|Publication number||US5481725 A|
|Application number||US 08/102,138|
|Publication date||Jan 2, 1996|
|Filing date||Aug 3, 1993|
|Priority date||Aug 3, 1993|
|Publication number||08102138, 102138, US 5481725 A, US 5481725A, US-A-5481725, US5481725 A, US5481725A|
|Inventors||Muthurajan Jayakumar, Ronald Mosgrove, Hugh Bynum|
|Original Assignee||Intel Corporation|
|Export Citation||BiBTeX, EndNote, RefMan|
|Patent Citations (8), Referenced by (40), Classifications (9), Legal Events (5)|
|External Links: USPTO, USPTO Assignment, Espacenet|
1. Field of the Invention
This invention relates to computer systems and, more particularly, to methods and apparatus for providing advanced programmable interrupt control circuitry for use with Intel microprocessors having associated embedded hardware.
2. History of the Prior Art
Historically, computers utilizing microprocessors manufactured by Intel Corporation of Santa Clara, Calif., such as the 8088, 8086, 80186, 80286, i386™, and i486™ (herein referred to as Intel processors) have included an Intel 8259 programmable interrupt controller (PIC) or an interrupt controller patterned thereon. This interrupt controller provides interrupt signals to an associated processor for various hardware devices associated with the processor. The priority level of an interrupt provided by these controllers is fixed for each hardware device and depends on the input pin position on the PIC where the particular hardware device from which the interrupt signal emanates is connected. That is, an interrupt from the keyboard is always transferred to the processor by the interrupt controller at a certain priority level while an interrupt from another hardware device is transferred to the processor by the controller at another priority level. These priority levels are hardwired and remain constant throughout the operation of the device. In systems using multiple processors, such an interrupt controller is capable of furnishing interrupts to only a single one of the processors. Consequently, it has been necessary to provide software solutions to control the inter-relation of interrupts in systems using many processors.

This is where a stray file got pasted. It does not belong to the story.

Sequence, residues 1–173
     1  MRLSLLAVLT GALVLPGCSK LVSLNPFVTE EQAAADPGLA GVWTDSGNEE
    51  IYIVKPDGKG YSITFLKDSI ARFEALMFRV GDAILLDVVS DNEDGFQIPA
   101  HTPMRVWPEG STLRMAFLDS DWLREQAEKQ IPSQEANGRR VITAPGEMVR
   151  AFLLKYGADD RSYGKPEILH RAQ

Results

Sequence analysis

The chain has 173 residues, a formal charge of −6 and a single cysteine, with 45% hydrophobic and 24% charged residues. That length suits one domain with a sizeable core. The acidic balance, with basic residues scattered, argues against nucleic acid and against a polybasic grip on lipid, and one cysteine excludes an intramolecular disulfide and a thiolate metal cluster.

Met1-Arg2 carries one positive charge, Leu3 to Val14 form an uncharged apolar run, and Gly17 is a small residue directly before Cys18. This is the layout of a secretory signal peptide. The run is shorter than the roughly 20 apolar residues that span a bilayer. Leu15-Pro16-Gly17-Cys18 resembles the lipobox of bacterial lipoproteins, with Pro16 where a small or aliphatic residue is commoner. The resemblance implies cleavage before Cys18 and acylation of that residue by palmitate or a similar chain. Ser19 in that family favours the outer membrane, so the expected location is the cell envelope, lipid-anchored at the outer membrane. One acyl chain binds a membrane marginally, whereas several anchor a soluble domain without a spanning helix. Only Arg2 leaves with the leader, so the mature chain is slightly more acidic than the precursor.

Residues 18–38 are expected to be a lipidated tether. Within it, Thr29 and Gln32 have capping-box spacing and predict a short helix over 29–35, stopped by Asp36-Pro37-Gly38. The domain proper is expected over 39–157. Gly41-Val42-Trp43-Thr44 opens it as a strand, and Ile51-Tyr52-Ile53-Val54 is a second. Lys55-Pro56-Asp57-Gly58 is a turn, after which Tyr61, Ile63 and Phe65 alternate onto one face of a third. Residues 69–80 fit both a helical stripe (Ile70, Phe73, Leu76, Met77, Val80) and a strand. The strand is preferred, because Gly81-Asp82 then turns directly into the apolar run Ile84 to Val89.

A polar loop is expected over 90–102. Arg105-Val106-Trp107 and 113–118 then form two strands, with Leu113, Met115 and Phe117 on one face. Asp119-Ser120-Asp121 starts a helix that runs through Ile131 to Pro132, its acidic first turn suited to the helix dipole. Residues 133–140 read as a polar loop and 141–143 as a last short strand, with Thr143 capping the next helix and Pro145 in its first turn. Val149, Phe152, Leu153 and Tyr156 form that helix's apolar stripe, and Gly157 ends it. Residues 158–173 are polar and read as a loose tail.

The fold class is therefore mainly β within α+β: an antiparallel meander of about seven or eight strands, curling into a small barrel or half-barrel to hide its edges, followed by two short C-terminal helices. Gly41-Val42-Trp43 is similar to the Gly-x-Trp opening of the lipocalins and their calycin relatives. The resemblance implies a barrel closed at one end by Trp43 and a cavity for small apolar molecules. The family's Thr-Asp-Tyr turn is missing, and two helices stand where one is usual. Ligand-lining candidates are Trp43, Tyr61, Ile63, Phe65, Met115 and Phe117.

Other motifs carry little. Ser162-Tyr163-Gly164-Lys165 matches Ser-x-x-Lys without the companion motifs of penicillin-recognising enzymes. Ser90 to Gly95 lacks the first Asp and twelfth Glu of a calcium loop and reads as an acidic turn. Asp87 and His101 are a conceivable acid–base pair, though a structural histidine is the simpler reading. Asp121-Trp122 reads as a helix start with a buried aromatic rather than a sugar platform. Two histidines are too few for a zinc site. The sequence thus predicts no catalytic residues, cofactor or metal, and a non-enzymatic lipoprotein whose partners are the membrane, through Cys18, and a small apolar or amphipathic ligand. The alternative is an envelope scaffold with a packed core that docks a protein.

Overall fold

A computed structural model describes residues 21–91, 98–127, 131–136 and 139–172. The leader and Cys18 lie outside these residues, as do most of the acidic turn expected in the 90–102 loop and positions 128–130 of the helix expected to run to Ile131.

With more advanced computer systems running advanced operating systems, it is desirable to be able to change the priority level at which interrupt signals from a particular hardware component are handled as the circumstances of operation change. That is, a particular interrupt may be very important in certain instances and less important in other circumstances. Therefore, it is desirable that the priority levels of particular hardware be programmable.
Moreover, the operation of a computer system depends on the correct interrelation between the operation of the hardware and the software. Consequently, interrupt priority levels associated with the software processes and interrupts from hardware devices should be coordinated and made programmable so that the use of interrupts may depend on the circumstances of the computer system operation. More advanced operating systems provide for this coordination of hardware and task interrupt priority levels. In addition, it is desirable that all of the interrupts in a system utilizing multiple processors be coordinated so that a processor may provide interrupts to other processors to effect the best use of software it is running and so that a processor which is the least utilized may handle an interrupt for another processor without the need to accomplish this by the use of software control.
Recently, a new interrupt controller has been designed which is capable of accomplishing these desirable features, among others. Intel Corporation markets this interrupt controller as the 82489DX Advanced Programmable Interrupt Controller (APIC). This controller provides multiprocessor interrupt management which includes programmable interrupts for both tasks and devices. This controller also has facilities for transferring interrupts between processors and to the least used one of a plurality of processors used in a multiprocessor system. Such a controller is described in detail in a publication entitled 82489DX Advanced Programmable Interrupt Controller, published by Intel Corporation of Santa Clara, Calif.